If there was any doubt about me venturing outside of the Internet for a career, my ePlus experience had sealed the deal. Early Internet pioneers were essentially media companies. Media and entertainment therefore became the first major industry that would get disrupted by the Internet. So I dove straight into this exciting journey.
B.B. (or Before Bingeing)
Twelve years ago, I was working at AOL on the webcast of the Live 8 concert. While the Live Aid reunion was a bona fide success - so much so that everyone after AOL’s webcast was declaring MTV - and broadcast TV - dead, I was able to parse the signal from the noise - to see enormous opportunity in doing the counter-intuitive - bringing long-form television to the Web.
Today, watching a half-hour comedy, a one-hour drama, a two-hour movie, or bingeing an entire TV season, is a no-brainer. But back in 2006 when we launched In2TV, America’s first on-demand television service on the Web, where “Welcome Back Kotter” met “La Femme Nikita,” people thought we were certifiably crazy. YouTube was still in beta; online video meant 1-2 minutes. Gartner, the leading technology research & advisory firm, declared that In2TV’s high-definition service, which I led launch, would become as critical to the future of online video entertainment as Apple’s iPod was to the future of the music industry.
And, of course, it was more obvious - if technically just as formidable- to see that Live 8 webcast had validated not only live concerts, but also live entertainment programming online. I helped launch Network Live, which would become the first multi-platform live entertainment digital company. It extended access to live venue performances beyond physical venues to a virtual global audience through Internet and satellite distribution. And, an actual global audience: I ran business development and content acquisition for TotalMovie.com - Latin America’s first online premium video streaming service; founded Mela, which brought same-day international online releases to Bollywood theatricals; and served as the interim CEO of Secret Cinema, a London-based company that has redefined storytelling through live, immersive experiences.
And yes, you can blame me (in part) for TMZ - that celebrity gossip website. While introducing investigative journalism into the tabloid mix is a fine legacy, TMZ deserves to be credited as the first major media property to successfully graduate from the Web to broadcast television (most go the other way), pioneering the cross-media platform.
Perhaps for my TMZ penance, I can point to my role in launching NBC Learn in 2008, a pioneer in what became known as the “EdTech” space.
As a first draft of history, In2TV led to Hulu, launched by NBC Universal’s digital media team that I’d joined from AOL to run the company’s global product development. Earlier, television networks had already emulated In2TV by putting all of their fresh primetime shows online. But Hulu.com provided advertisers the largest premium inventory for video advertising, the crème de la crème of the exploding digital advertising industry.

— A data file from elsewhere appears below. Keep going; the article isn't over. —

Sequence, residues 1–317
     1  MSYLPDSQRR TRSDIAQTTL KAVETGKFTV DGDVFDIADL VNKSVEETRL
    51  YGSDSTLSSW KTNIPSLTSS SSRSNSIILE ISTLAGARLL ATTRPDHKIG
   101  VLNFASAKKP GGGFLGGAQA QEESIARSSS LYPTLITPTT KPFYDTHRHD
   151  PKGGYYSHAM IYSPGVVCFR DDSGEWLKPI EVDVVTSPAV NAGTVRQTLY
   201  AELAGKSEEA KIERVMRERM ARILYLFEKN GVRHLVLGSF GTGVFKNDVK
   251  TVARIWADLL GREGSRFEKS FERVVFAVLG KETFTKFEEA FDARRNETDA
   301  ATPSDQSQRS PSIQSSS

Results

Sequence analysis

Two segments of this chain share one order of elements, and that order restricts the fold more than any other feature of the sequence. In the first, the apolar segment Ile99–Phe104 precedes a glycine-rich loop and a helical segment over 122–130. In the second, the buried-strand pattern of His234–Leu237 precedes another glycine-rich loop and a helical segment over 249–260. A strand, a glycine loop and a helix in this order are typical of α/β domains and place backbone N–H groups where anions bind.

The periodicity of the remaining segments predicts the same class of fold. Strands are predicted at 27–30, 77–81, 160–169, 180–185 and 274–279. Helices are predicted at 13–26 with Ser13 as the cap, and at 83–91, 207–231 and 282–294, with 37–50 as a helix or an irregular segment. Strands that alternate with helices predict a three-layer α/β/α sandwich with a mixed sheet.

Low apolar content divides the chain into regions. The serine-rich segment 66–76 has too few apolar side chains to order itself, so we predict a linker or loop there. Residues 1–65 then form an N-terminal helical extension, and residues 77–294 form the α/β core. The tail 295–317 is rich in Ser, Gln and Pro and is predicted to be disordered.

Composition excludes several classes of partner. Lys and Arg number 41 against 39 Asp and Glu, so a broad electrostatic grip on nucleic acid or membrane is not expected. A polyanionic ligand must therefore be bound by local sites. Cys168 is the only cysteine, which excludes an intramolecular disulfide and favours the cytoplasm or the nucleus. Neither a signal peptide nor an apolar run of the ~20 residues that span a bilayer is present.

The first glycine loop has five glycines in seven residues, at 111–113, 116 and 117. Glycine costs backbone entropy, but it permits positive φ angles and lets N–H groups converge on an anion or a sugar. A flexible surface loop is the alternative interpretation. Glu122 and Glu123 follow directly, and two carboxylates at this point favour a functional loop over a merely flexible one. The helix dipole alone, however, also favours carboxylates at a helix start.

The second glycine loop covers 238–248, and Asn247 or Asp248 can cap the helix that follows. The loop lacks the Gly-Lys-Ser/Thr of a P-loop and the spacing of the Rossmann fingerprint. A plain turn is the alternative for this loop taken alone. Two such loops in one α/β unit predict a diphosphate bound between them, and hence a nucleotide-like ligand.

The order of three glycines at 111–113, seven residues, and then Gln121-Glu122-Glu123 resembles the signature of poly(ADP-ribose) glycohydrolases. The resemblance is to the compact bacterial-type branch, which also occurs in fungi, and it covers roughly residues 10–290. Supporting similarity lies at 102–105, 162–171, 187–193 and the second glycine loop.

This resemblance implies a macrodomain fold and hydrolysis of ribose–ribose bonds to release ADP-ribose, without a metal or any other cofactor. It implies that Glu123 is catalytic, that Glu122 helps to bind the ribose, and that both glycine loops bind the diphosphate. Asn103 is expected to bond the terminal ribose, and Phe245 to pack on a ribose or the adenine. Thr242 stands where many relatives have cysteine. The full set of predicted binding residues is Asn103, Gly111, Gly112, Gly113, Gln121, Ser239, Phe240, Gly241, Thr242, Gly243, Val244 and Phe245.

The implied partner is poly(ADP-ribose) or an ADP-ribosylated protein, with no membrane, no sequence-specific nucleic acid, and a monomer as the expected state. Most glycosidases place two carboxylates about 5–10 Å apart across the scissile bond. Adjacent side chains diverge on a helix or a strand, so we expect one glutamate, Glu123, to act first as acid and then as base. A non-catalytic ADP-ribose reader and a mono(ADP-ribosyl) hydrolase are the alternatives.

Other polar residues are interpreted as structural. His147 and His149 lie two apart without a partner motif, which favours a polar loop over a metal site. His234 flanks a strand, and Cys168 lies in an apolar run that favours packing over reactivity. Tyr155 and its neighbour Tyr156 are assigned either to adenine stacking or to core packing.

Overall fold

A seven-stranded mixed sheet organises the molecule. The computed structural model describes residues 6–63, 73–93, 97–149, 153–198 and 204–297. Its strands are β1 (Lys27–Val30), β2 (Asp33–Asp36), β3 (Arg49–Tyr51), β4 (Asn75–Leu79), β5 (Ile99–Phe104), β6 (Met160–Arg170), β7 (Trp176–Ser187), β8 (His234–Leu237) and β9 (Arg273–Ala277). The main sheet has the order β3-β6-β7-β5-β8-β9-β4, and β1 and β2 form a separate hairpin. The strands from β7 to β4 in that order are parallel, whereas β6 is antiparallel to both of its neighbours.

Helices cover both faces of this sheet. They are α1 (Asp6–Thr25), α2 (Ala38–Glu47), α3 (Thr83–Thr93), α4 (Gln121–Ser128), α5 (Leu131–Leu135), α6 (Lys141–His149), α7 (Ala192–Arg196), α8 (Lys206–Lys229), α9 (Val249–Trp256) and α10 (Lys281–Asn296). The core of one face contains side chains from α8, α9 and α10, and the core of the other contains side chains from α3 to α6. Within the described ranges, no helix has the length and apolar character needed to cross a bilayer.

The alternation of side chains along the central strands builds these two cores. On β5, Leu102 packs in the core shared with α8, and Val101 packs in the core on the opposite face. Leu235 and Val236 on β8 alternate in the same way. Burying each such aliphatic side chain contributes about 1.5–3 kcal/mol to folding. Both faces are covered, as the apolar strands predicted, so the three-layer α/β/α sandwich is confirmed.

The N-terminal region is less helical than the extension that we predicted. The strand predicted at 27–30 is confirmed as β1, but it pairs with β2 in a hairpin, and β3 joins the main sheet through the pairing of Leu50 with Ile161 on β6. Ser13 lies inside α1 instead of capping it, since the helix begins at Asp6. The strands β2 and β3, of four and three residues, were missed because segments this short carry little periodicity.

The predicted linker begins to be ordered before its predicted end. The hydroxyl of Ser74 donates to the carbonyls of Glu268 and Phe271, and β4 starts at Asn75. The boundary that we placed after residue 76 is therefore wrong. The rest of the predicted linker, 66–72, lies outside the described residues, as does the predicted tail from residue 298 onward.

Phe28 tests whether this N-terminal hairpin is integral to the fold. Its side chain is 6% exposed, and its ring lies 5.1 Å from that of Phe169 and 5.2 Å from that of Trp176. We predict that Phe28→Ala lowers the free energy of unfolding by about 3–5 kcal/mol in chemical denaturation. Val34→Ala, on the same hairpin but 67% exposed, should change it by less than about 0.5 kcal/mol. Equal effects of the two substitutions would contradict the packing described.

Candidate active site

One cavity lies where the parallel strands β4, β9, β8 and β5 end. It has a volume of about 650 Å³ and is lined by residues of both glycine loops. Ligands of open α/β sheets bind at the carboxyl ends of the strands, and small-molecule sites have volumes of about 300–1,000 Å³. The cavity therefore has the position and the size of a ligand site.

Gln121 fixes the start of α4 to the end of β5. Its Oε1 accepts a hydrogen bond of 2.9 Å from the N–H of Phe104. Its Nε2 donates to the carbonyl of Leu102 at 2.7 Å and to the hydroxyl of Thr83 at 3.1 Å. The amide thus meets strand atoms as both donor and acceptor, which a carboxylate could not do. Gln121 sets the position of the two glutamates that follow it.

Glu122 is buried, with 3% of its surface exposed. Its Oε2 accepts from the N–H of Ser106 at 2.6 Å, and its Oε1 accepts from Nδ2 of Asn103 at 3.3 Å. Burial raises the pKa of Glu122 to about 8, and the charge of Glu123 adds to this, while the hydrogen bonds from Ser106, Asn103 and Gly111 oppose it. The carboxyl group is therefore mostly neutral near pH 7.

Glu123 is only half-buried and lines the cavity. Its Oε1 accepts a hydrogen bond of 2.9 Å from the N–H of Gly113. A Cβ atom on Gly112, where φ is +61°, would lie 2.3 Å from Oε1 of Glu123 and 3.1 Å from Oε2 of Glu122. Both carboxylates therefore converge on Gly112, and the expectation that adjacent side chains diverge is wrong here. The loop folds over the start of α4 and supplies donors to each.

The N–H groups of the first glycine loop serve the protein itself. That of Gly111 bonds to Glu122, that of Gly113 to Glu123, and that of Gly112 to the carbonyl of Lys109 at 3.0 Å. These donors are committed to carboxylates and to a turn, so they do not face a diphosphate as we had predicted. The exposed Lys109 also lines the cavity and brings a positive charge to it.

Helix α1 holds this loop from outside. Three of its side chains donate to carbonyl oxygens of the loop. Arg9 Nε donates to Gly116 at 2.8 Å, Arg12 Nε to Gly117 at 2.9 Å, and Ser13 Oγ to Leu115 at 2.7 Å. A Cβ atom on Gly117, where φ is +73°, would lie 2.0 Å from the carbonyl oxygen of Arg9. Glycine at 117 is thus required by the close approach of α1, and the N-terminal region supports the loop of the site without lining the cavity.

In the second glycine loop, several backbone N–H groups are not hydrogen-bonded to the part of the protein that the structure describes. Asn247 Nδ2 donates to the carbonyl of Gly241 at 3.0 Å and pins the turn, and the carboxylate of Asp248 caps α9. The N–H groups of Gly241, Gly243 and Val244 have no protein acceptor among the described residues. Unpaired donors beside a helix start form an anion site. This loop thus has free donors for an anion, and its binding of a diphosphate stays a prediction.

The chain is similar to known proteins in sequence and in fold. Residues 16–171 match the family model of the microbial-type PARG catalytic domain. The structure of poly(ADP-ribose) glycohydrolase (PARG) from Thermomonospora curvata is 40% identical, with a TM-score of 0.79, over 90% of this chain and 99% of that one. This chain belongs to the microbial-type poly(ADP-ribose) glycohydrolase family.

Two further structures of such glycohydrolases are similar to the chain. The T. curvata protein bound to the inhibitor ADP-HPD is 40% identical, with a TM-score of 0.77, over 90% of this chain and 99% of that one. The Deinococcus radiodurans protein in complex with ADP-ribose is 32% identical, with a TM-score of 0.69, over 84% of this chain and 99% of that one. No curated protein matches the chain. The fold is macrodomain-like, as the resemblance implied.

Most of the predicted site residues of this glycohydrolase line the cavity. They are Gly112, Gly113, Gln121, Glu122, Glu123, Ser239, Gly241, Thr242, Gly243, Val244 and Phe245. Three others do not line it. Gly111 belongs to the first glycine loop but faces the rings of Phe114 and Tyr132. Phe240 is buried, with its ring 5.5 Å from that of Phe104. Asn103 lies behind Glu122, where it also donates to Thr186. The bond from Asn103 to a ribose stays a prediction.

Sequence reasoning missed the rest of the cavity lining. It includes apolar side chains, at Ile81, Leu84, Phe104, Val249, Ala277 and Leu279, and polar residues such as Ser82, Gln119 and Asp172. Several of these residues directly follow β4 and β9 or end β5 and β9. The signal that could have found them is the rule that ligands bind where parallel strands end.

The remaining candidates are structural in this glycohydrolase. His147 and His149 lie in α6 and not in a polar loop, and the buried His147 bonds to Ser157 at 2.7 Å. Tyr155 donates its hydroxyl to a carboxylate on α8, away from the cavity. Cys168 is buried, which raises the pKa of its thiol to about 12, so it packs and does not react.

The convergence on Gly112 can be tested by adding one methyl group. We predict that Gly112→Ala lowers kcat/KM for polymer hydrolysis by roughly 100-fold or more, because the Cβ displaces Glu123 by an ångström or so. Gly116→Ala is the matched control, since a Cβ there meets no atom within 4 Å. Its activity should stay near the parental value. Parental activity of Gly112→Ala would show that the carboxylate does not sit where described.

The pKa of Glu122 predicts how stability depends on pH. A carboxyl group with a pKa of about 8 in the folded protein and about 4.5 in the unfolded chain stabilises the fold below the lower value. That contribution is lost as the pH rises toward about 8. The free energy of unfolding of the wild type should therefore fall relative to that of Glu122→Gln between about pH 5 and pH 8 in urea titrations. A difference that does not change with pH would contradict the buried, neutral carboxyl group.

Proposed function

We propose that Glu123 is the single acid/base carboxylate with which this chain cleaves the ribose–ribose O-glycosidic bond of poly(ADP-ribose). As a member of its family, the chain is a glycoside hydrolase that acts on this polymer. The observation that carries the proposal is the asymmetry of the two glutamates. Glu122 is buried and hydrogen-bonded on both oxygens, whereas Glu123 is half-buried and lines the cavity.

So, my hunch was on the mark. The first industry that technology remade from the inside out was media and entertainment. In the process of my launching new products and ventures in this space, I learned how to fundamentally transform an industry through digital technology and its components - mobile, social, big data & analytics, cloud computing, and AI – all of which were born and evolved during the digital transformation of this industry over the last twenty years. An example of a company that deployed many of these tools is the global API platform, Apigee — acquired by Google for $625M — which I advised from startup to IPO.
Going forward, as digital technology moves into the mainstream, we’re at the cusp of a similar phenomenon in larger, legacy industries. Digital technology will make these industries more responsive, inclusive, efficient, and, yes, innovative.
I launched Dia Ventures to help drive this next cycle of transformative innovation.
I’m frequently asked, “Why Dia?” The word translates across many languages as light, day, and showing daylight. From my days of launching model airplanes to building global digital media businesses, I still look up and out, scanning beyond the horizon for the light of a future-to-be written.
This interconnected future — with its imminent ubiquity of sensors, machine learning, and oncoming of AI — has the potential to surprise and delight the consumer as never before. Helping build technologies and companies that will realize this promise is my lifelong calling. Especially as I look through the eyes of my young daughter…Dia. Then, I, too, am filled with starry wonder.